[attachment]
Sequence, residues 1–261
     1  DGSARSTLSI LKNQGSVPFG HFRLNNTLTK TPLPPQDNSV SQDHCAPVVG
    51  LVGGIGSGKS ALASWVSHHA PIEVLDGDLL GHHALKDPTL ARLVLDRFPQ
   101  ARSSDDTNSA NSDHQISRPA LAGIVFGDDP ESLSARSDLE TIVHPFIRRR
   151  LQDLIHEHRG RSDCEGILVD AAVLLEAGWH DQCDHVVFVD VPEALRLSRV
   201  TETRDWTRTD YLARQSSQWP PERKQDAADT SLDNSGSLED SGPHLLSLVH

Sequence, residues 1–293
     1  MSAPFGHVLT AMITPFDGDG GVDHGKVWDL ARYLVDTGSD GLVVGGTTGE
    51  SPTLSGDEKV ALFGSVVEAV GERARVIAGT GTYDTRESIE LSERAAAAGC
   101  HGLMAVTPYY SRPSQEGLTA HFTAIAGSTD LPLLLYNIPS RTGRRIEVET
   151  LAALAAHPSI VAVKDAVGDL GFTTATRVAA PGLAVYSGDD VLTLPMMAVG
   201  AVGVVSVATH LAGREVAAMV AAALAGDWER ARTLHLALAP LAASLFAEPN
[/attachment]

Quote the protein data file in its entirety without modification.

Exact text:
Sequence, residues 1–261
     1  DGSARSTLSI LKNQGSVPFG HFRLNNTLTK TPLPPQDNSV SQDHCAPVVG
    51  LVGGIGSGKS ALASWVSHHA PIEVLDGDLL GHHALKDPTL ARLVLDRFPQ
   101  ARSSDDTNSA NSDHQISRPA LAGIVFGDDP ESLSARSDLE TIVHPFIRRR
   151  LQDLIHEHRG RSDCEGILVD AAVLLEAGWH DQCDHVVFVD VPEALRLSRV
   201  TETRDWTRTD YLARQSSQWP PERKQDAADT SLDNSGSLED SGPHLLSLVH

Sequence, residues 1–293
     1  MSAPFGHVLT AMITPFDGDG GVDHGKVWDL ARYLVDTGSD GLVVGGTTGE
    51  SPTLSGDEKV ALFGSVVEAV GERARVIAGT GTYDTRESIE LSERAAAAGC
   101  HGLMAVTPYY SRPSQEGLTA HFTAIAGSTD LPLLLYNIPS RTGRRIEVET
   151  LAALAAHPSI VAVKDAVGDL GFTTATRVAA PGLAVYSGDD VLTLPMMAVG
   201  AVGVVSVATH LAGREVAAMV AAALAGDWER ARTLHLALAP LAASLFAEPN